ALH: Yes, yes. This was my first large quilt and then I was president of the Asheville Quilt Guild in 2005/2006 and when you retire, they will make you a friendship block and you get to select what you want and I asked them to make me a Flying Geese [block.], just a traditional Flying Geese and the pattern that I asked them to use was something from a Patricia Hair workshop, one of my first workshops that I took as a guild member. Anyway, so they made these traditional [blocks.]–those were hand sewn. [corrected to machine sewn.] But then I designed this queen-size quilt using the squares that they made me. were only six inches–or they were rectangles, six inches by three inches so I made this very large queen-size quilt and I call it “Working Together to Achieve Our Goals.” The center I designed is a five-pointed star and Carol Bryer Fallert is an artist that I always admired. We were lucky in our guild to have many fabulous teachers come to our guild and I loved her Flying Geese where they’re a swish. She was an airline pilot [hostess.]and so she did these curvy swishes with the Flying Geese that were all graduated in sizes and so that’s what I did going into the center of this star. They fed into the center of the star. So the sixty inch center of the queen-size had no sewing in it. Anyway, I built this whole quilt with this technique but I feathered the star. I’ve always admired the traditional eight-pointed feathered star, but I wanted to do this unique so it was a five-pointed star that I feathered and then had her big Flying Geese swish from very tiny to very large on the outside border come into it. Anyway, so the only traditional sewing in that was a six-inch border that went around the center sixty-inch, what you call a medallion or something, with the star in it and then the [outside.] borders themselves. I just designed those with lots of straight strippy pieces but the big curvy swish of the Flying Geese went out to the border. It was a fun project to do and I love scrappy quilts and I made it blue and yellow and orange. It was a perfect color combination. [both talk at the same time.] And people had signed the traditional Flying Geese, people who made those blocks signed those, so it’s essentially a friendship quilt.

AH: Very Nice.

ALH: Thank you.

AH: Okay to get back to “Tulip Bed,” how do you use this quilt?

ALH: Well, right now I’m a quilt teacher with my new technique and so it travels with me to have samples of my work.

AH: What are your plans for the quilt?

ALH: Well, I think my granddaughter will get that at some point, when she’s a little older, she just turned four, so when she’s just a little older.

AH: Okay. Let’s talk about your interest in quilting. When did you start quilting?

ALH: Well, I’ve always admired quilts. I grew up in Pennsylvania so I had seen a lot of the Amish quilts but I was never motivated to make them. I thought they were lovely but I had no desire. My grandmother–I never actually saw her sewing a quilt but she had made a couple of quilts and she gave us a quilt in a typical quilter’s way, [in.] that she got it done the year after we were married. [laughs.] Anyway, I have her quilt that I still use and it’s pretty threadbare. She used her old house dresses and things like that to make it and so I’ve always cherished that and then when my brother got married many years ago–our mother died when we were young and she grew up on a large farm where the school teachers would go around and stay in different peoples’ homes and this school teacher evidently taught my mother to embroider and so I found some of her blocks that she had embroidered, her sister told me, and so when my brother got married that was the first big quilt that I ever made and I didn’t know what I was doing [laughs.] but I used–the quilt blocks [that.]were like a Star of David and so there were four of those across the pillow and then were two extra blocks down at the foot of the bed and then I duplicated the shape of the Star of David with some calico fabric that was the color scheme, mostly it was a white, like on a sheet [laughs.] and I had big stitches, I did quilt that by hand but–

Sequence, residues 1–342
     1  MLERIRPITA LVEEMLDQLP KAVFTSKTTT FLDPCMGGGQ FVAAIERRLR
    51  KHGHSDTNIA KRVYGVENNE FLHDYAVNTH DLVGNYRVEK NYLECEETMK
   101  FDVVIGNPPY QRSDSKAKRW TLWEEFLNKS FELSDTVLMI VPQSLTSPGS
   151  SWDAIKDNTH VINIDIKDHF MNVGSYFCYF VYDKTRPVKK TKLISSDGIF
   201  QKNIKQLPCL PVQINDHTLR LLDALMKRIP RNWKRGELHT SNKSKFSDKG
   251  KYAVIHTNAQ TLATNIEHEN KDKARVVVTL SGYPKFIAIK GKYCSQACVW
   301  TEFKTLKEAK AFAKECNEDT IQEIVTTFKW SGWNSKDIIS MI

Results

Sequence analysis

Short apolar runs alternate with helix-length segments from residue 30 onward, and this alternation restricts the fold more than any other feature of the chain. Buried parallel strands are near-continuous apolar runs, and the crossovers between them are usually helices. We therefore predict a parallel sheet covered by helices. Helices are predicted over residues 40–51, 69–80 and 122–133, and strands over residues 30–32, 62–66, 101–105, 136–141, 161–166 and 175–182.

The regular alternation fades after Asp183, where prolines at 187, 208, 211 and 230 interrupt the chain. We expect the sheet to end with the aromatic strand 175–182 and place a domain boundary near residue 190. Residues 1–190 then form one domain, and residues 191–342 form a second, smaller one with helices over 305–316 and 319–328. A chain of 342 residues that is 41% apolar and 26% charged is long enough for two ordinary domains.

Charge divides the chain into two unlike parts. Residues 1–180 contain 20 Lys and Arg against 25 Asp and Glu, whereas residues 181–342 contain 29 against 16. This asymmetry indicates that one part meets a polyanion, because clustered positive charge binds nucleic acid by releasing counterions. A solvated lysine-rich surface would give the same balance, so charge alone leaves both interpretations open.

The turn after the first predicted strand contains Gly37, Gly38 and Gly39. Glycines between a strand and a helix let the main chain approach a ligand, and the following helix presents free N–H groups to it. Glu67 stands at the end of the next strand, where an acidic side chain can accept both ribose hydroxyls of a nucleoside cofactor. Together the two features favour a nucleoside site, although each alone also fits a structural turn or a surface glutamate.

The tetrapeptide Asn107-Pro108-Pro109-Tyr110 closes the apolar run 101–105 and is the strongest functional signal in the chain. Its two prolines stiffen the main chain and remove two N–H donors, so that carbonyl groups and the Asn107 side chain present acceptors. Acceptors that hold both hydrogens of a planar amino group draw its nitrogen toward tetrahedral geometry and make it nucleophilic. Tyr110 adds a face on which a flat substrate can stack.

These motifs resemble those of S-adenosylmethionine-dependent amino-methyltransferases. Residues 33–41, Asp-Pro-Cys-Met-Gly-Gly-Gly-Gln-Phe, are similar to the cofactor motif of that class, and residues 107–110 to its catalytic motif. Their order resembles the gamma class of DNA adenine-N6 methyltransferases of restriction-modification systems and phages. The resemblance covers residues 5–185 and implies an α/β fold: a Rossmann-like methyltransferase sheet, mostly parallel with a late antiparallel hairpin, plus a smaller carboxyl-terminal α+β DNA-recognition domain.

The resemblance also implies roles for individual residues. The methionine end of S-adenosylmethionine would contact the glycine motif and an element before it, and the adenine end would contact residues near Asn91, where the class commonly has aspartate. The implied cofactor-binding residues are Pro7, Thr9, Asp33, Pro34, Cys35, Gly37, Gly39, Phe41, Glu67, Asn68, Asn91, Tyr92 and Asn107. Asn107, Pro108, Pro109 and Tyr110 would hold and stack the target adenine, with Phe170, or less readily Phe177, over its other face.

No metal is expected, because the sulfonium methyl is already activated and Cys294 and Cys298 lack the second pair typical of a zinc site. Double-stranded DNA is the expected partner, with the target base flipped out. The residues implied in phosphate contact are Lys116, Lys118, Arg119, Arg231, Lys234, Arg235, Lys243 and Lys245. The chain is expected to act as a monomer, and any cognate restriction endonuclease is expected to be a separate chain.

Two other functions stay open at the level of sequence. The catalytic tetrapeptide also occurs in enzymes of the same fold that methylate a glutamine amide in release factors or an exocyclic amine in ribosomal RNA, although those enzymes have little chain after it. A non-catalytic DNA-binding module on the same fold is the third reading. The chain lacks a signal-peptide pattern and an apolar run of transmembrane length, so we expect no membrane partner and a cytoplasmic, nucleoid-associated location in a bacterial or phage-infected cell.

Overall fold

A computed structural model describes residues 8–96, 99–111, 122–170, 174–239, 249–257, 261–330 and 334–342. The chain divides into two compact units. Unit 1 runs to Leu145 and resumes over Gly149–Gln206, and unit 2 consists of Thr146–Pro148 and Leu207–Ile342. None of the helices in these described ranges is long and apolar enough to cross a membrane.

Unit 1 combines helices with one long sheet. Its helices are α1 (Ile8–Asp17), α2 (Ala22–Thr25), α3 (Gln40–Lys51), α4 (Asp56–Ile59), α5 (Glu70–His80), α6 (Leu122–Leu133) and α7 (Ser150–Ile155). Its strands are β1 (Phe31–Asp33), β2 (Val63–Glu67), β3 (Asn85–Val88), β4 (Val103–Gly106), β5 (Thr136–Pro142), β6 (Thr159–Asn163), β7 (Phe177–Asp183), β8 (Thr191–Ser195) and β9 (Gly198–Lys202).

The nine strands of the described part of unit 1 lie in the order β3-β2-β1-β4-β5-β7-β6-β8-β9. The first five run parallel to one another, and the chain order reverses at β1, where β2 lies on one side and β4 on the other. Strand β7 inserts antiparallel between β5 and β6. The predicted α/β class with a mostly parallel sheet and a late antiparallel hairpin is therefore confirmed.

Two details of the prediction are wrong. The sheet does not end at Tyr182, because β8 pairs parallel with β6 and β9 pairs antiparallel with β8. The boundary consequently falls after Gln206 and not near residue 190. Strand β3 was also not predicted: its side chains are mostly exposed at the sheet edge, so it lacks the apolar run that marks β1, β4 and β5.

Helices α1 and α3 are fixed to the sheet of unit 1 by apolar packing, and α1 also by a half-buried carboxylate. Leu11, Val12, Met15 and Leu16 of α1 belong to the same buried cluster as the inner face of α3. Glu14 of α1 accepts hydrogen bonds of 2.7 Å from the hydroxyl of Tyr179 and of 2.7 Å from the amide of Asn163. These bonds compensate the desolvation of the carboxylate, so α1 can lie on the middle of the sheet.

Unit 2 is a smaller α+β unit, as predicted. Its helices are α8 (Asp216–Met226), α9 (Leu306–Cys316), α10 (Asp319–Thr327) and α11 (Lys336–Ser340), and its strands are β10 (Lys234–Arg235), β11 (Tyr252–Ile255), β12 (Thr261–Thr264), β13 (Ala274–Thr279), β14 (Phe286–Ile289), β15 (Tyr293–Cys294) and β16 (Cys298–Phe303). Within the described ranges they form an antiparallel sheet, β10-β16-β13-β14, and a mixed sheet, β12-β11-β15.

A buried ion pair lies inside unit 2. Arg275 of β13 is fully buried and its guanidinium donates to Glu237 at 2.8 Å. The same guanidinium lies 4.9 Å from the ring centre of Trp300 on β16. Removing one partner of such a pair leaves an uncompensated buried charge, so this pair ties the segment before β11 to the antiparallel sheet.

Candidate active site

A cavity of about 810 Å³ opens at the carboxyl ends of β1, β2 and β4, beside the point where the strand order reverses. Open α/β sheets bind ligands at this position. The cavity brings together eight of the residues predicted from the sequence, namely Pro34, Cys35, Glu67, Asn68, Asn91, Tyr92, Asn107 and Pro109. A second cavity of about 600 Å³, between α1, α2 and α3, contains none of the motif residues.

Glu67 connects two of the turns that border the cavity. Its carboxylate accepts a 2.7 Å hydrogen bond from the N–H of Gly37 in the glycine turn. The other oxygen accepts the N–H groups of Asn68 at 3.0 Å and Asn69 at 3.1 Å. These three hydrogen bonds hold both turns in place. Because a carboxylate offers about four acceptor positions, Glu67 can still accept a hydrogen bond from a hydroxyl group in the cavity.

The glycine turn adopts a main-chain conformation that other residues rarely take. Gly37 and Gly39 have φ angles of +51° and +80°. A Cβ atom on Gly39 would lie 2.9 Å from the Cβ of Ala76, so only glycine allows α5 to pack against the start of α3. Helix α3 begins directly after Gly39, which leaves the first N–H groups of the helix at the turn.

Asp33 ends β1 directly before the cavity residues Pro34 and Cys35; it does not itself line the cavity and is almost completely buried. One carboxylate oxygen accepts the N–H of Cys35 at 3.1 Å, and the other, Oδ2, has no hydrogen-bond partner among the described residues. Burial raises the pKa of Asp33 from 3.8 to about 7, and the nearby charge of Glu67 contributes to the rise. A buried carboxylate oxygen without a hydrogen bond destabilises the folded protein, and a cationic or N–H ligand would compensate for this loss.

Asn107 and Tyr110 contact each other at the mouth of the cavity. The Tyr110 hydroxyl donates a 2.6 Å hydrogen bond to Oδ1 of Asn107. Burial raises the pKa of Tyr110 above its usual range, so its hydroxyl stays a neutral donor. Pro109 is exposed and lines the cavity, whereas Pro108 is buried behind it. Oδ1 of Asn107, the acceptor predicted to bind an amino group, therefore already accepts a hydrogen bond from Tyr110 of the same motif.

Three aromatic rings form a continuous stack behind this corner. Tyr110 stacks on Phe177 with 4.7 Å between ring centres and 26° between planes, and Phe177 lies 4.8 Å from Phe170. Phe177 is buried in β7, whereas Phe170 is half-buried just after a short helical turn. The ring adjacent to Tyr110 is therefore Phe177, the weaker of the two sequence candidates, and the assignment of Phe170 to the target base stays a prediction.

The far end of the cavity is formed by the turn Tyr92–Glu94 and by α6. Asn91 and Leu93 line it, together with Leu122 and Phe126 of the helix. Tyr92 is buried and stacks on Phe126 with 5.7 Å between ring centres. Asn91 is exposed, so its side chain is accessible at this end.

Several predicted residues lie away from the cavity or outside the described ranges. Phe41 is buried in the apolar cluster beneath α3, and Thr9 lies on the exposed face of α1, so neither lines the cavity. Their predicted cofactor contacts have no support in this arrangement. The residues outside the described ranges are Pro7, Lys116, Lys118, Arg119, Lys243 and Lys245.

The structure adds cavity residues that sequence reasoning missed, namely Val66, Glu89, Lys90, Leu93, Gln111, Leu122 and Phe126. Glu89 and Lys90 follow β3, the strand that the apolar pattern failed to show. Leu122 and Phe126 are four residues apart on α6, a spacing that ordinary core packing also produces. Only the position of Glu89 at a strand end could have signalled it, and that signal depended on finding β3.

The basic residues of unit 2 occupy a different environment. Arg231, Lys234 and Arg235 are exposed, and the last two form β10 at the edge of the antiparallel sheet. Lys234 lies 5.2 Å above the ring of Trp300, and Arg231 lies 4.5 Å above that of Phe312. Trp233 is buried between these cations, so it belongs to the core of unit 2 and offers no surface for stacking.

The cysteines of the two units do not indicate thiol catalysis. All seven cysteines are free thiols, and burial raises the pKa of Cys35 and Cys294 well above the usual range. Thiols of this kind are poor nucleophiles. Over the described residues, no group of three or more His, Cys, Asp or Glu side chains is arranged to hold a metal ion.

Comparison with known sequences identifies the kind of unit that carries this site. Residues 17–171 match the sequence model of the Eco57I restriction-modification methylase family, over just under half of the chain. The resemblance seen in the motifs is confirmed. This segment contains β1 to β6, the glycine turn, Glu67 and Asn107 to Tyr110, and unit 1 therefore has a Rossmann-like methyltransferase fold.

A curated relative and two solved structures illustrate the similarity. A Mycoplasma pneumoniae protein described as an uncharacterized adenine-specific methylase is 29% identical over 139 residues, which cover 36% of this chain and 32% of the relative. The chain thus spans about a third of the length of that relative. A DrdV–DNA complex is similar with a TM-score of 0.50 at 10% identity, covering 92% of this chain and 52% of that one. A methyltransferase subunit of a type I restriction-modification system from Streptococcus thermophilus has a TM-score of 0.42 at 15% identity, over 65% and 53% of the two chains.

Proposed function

AH: What year was that?

ALH: That was probably in, probably in ’70, probably1970. [corrected to 1974.]

AH: And you were self-taught?

ALH: Oh, yes. And it wasn’t really until I moved to Asheville, North Carolina in 1998 that I became involved with our quilt guild. And I had seen an exhibit of quilts downtown at the Arts Council in their building on Biltmore Ave., yeah, and it was a lovely exhibit and I thought, ‘Well that’s really cool, you know I’m moving to a new place and my kids are all grown,’ and I thought, ‘Well that would be cool,’ and I called Connie Brown and she gave me information about the guild and then I joined up and I really didn’t know very much about quiltmaking until I came to the guild meetings and I was so impressed in how friendly everybody was and so I originally started doing the more traditional things but then I’ve been this stained-glass artist for over thirty years and have stacks of my own designs and I wanted to be able to do some of my own designs in fabric but as I said before, they didn’t lend themselves to traditional piecing and I didn’t know how to go about it and so I gradually developed this technique and now I’m really thrilled because I can do complicated designs without a lot of intricate piecing. So the top has no sewing until after I make the quilt sandwich and then I quilt and stitch all at the same time so it saves time too and it’s just a fun way to work. I mean it’s not real spontaneous, I still plan. As a stained-glass artist, you know you have to plan and make your drawing ahead of time and that’s the way I’ve approached my quiltmaking. But with this technique it’s very easy to make color changes or design changes if you find something that’s not going well you can just easily pull up a piece without ripping out seams and replace that pattern piece or if you want to just draw another shape on it, make another pattern piece.